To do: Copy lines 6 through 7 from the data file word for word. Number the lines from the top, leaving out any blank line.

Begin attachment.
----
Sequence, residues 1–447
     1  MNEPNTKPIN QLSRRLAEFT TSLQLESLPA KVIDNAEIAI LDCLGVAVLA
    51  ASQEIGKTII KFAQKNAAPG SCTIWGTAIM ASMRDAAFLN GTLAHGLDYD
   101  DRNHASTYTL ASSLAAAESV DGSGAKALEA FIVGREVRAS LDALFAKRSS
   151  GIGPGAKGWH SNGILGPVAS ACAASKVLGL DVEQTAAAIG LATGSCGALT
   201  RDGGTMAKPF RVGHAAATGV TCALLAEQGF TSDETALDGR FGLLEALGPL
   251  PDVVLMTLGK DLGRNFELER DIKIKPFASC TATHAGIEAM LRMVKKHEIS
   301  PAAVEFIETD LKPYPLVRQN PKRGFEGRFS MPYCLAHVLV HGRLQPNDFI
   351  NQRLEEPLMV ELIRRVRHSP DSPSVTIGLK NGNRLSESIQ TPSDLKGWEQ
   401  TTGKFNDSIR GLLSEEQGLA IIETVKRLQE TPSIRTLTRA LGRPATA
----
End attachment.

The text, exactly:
   201  RDGGTMAKPF RVGHAAATGV TCALLAEQGF TSDETALDGR FGLLEALGPL
   251  PDVVLMTLGK DLGRNFELER DIKIKPFASC TATHAGIEAM LRMVKKHEIS